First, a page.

Trump

Why do the innocents suffer?

When we do Christmas, it is very tempting to skip the story of King Herod's murdering the children of the Bethlehem region. In a year when the innocent children of Syria, and their parents, have been made to suffer, this ommission is unconsciencable. I remember one adroit fool suggesting that we could skip Matthew 2:13-23 in our Sunday lections because the event discribed doesn't appear in the secular histories of the time and could have been made up by Matthew. The only secular histories we have from this period are pro-Roman (Josephus wants to paint the Herodians in a better light for his Roman audience) the way Putin/Trump is pro-Assad and love FOX news.

In Jesus’ day, Pharisees were well respected social leaders, involved in the political process. They had a specific agenda for making Israel great again. The fact that Jesus opposed them at every turn has caused the Pharisee movement to be vilified in western history. Jesus’ theology wasn’t that different from theirs — his opposition wasn’t a matter of their personal beliefs — it was their political agenda and lack of compassion towards the poor that made him lash out with some of his most pointed language.

People are complaining because they only have two choices, Clinton or Trump. It’s the same number of choices as we always have. Yet even lifelong republicans and democrats are praying for a viable independent, who has legitimate credentials and the skills needed to form a winning coalition. For several decades now, the United States Congress has been descending into a similar state of polarization. Polarized institutions die. They fail to solve current problems. They are too marked by conflict to plan for the future.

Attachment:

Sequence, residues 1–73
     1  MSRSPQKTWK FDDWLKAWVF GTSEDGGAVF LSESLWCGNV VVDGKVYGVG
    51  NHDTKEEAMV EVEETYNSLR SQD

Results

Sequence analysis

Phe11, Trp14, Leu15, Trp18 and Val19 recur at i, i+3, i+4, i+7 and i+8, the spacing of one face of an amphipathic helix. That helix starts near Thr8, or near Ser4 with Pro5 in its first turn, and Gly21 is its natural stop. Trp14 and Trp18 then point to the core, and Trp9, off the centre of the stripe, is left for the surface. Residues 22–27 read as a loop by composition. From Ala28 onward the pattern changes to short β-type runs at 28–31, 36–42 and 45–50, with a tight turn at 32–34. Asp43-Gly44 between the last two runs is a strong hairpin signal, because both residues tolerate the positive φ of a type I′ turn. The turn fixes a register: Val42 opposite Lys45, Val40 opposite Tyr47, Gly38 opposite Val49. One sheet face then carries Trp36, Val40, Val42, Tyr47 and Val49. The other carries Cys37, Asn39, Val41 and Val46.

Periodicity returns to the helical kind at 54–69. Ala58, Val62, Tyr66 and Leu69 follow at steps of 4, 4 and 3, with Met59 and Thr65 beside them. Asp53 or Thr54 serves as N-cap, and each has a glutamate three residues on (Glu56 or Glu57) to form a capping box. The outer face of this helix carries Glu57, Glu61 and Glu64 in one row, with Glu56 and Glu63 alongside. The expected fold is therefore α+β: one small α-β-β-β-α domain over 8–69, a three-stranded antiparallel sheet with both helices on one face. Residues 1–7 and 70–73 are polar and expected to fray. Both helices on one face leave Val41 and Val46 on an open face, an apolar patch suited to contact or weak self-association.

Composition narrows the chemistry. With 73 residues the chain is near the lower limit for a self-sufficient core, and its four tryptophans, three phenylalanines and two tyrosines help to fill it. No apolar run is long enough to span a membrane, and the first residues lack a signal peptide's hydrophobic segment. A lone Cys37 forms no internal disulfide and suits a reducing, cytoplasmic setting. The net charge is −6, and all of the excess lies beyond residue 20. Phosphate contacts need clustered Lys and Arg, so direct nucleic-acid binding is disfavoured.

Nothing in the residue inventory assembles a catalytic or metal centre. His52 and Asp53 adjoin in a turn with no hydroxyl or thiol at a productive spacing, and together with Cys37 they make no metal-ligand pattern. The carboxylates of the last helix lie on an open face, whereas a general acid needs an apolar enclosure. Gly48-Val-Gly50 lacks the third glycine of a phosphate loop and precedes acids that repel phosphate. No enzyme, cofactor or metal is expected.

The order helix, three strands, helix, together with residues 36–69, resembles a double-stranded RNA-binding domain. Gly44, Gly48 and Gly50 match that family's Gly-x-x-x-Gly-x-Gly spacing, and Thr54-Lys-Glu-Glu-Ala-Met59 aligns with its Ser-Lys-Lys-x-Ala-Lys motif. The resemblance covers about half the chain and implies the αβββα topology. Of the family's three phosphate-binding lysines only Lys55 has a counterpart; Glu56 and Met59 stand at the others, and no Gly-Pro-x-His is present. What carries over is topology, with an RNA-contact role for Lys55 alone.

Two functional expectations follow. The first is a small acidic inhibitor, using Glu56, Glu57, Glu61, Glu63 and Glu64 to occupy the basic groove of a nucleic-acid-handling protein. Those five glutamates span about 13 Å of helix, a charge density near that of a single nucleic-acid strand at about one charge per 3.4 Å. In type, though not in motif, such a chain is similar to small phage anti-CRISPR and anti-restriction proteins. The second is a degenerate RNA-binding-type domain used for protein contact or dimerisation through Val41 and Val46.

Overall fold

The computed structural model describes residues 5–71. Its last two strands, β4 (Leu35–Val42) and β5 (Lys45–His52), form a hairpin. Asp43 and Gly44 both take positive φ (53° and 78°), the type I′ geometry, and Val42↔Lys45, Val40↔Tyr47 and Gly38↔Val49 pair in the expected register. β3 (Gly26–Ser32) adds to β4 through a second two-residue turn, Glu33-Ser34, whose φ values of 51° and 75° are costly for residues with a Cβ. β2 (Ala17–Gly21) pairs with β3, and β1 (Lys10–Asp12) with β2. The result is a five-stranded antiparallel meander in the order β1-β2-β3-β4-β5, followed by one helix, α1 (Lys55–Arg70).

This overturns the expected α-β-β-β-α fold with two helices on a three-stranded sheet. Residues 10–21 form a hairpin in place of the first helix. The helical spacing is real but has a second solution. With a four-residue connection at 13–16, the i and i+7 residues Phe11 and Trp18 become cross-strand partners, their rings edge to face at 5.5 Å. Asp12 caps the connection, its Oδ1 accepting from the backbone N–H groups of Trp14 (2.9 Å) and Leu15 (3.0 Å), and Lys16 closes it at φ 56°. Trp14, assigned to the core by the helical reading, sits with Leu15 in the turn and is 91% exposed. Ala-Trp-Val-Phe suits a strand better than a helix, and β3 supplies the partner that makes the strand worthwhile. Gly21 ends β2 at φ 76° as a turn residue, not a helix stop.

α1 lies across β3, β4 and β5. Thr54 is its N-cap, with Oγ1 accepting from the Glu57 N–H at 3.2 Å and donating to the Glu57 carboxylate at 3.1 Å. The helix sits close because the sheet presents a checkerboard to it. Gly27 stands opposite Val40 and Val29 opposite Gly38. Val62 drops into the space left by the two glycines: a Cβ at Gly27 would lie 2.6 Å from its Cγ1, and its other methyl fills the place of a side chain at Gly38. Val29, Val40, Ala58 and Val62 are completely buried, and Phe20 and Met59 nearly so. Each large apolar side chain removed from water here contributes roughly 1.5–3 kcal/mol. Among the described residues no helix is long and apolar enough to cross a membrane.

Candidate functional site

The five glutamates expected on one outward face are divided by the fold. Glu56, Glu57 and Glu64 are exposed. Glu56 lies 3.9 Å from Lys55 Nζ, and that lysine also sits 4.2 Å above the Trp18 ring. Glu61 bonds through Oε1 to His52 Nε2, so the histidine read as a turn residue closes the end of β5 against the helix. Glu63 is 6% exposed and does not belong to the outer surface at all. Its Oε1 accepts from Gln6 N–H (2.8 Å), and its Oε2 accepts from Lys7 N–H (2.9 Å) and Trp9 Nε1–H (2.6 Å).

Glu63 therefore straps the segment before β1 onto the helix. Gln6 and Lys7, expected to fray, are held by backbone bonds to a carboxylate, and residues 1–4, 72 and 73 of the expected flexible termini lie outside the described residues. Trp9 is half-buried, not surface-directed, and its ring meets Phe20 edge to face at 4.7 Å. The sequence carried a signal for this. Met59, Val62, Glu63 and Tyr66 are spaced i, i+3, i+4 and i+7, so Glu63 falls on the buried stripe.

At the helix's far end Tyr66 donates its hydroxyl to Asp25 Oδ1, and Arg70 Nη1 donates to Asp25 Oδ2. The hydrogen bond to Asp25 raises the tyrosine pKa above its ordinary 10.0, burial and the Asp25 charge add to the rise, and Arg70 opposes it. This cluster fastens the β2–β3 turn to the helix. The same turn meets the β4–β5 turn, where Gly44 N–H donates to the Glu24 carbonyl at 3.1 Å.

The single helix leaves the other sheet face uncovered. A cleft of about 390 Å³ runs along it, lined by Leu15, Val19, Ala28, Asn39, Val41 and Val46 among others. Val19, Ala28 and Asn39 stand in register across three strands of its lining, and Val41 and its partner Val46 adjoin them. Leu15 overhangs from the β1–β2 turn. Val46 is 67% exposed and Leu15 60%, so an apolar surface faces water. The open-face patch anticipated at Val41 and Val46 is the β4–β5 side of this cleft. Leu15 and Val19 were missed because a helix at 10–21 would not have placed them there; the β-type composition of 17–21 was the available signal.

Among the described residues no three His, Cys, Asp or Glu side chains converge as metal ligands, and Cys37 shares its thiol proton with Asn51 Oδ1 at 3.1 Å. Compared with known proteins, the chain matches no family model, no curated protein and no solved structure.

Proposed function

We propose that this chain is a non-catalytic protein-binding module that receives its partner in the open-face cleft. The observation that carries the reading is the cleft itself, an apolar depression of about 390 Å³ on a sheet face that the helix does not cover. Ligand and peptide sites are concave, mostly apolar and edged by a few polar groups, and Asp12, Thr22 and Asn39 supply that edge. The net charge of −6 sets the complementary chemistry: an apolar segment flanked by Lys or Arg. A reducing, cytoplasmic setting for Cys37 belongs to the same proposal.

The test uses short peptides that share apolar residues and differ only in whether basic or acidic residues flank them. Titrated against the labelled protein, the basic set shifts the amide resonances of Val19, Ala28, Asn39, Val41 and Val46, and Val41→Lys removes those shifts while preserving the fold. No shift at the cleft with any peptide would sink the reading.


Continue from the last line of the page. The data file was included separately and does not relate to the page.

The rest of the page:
Branches are new, roots are old, the moderates keep them together

Dr Seuss wrote a book about a voice. An evil industrialist is chopping down all the truffula trees and making them into thneeds. The Lorax comes saying, “I am the Lorax, I speak for the trees.” This line gets repeated, but no one is listening. Soon, the trees are all gone, except for one seed. The book is not simply an environmental parable. It is also an account of the occasional, Lorax-like individual, who speaks for those who cannot speak for themselves.

 

I am the Lorax, I speak for the trees
Subscribe to RSS - Trump